The judge approved jurors' recommendation Wednesday that Byron Scherf receive the death penalty for aggravated first-degree murder.
Scherf is a convicted rapist who already was serving life in prison when he attacked officer Jayme Biendl, 34, and strangled her with an amplifier cord at the Washington State Reformatory in Monroe in January 2011.
A Snohomish County Superior Court jury took about an hour to convict him of aggravated murder last Thursday, and the same jury on Wednesday morning recommended the death penalty. The judge formally sentenced Scherf at a later hearing.
Under Washington's death penalty law, Scherf's conviction and sentence now will undergo a mandatory review before the state Supreme Court. If Scherf opts to pursue appeals in federal courts, it could be years before an execution is carried out.
"My thoughts are with the Biendl family and with those jurors who had to listen and make a difficult decision," said deputy prosecutor Ed Stemler. "I am proud of our system of justice."
Scherf, 54, showed no reaction. He was placed in handcuffs as jurors were led from the courtroom, The Daily Herald of Everett reported.
Jurors declined to speak publicly about their verdict, but each stopped on their way from the courthouse to shake hands and exchange a few private words with deputy prosecutor Paul Stern.
Scherf never testified during the trial and offered no statement in advance of his sentencing. His lawyers didn't dispute that he strangled Biendl but suggested he didn't plan to kill her.
The jury saw Scherf's video confession and heard forensic testimony about how Biendl was strangled. Scherf said he first planned to ambush and beat up Biendl over something she said to him, but he refused to say what that was.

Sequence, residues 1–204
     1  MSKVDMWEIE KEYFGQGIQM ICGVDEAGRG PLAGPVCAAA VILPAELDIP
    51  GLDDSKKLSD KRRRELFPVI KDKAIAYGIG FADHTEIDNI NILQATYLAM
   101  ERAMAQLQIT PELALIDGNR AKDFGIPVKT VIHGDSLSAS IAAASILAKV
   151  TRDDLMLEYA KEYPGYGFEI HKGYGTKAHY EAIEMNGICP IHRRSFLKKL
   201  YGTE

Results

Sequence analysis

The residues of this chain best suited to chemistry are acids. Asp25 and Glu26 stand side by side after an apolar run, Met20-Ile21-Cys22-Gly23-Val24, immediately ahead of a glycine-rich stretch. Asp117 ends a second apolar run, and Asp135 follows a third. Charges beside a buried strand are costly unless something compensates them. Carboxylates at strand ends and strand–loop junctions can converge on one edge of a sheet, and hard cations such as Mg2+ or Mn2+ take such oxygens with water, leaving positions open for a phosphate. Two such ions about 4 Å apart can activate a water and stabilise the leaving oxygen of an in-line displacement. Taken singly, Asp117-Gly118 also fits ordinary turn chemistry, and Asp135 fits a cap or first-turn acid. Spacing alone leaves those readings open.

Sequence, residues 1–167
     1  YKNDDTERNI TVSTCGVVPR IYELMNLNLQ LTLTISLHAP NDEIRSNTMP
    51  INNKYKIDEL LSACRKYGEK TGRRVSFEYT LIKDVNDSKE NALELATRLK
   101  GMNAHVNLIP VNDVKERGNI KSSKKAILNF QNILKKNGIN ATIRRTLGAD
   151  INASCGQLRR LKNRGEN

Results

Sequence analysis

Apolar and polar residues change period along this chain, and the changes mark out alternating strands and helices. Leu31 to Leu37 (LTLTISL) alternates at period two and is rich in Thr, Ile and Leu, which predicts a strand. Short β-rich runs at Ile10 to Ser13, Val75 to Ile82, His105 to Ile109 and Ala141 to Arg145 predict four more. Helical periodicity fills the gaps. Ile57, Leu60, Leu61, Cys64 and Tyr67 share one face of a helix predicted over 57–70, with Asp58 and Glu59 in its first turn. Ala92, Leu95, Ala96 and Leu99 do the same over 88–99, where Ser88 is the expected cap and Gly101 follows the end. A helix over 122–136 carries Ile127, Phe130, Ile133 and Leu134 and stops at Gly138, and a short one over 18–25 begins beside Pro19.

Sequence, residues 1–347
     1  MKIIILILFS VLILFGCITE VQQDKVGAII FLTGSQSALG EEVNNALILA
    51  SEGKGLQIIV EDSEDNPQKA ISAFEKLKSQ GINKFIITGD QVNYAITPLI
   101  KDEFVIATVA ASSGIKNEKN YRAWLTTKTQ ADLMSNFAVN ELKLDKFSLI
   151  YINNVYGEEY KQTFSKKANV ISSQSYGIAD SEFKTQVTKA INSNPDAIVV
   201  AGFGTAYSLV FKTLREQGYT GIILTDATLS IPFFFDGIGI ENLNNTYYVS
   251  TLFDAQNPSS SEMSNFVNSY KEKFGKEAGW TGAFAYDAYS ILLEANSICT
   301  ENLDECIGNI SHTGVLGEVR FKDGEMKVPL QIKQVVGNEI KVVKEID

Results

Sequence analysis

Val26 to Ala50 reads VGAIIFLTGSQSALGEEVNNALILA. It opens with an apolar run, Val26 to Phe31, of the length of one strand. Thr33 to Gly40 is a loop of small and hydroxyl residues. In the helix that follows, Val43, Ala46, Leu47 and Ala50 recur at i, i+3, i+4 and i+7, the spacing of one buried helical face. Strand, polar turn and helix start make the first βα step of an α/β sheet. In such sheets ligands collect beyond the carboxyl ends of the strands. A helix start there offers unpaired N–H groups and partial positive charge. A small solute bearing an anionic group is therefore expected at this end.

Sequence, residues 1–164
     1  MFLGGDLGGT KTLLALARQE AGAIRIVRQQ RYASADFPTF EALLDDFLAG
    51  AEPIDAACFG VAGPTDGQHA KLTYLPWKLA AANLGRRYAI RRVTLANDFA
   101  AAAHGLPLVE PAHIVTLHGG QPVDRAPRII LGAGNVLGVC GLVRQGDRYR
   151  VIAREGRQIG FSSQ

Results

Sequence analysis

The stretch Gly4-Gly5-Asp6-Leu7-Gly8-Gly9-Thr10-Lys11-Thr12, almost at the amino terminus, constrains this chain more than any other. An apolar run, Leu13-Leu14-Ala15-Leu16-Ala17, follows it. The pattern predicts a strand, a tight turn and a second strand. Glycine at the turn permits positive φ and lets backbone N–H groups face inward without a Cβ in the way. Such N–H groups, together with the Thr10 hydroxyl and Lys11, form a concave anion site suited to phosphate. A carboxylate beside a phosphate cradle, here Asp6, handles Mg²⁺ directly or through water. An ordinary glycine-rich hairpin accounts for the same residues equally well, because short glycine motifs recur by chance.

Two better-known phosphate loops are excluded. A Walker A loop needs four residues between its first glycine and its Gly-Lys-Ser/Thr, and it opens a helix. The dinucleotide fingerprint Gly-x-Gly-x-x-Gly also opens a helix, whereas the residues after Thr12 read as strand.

In the confession, Scherf detailed how he waited for other inmates to leave the chapel and ambushed Biendl as she locked up her post for the night. He told detectives that Biendl fought him and tried to call for help, but he ripped the radio from her. He said he blacked out during her death.
Corrections officers found Scherf sitting in the foyer of the chapel after realizing he wasn't in his cell during a routine inmate count. Biendl was found two hours later, after a shift officer in the main control area discovered that her radio and keys were missing.
An investigation led to the firing of three corrections officers at the prison, about 25 miles northeast of Seattle.
One was fired for being outside his assigned zone near the chapel's entrance, another for falsifying a logbook entry indicating the chapel had been cleared of prisoners, and the third for failing to properly inspect and secure the chapel when the prisoner accused in the killing was located.
Others were demoted and disciplined.
Snohomish County's medical examiner told the jury it would have taken four to five minutes of constant pressure to strangle Biendl.
Scherf's DNA was found on Biendl's fingernails. His blood was found on her coat and the amplifier cord.
In the sentencing phase of the trial, defense lawyer Karen Halverson asked jurors to spare Scherf's life, urging them not to be swayed "by the voices of vengeance or retribution."
But Stern reminded jurors of something Scherf told detectives in his confession, "If you take a life, you give a life."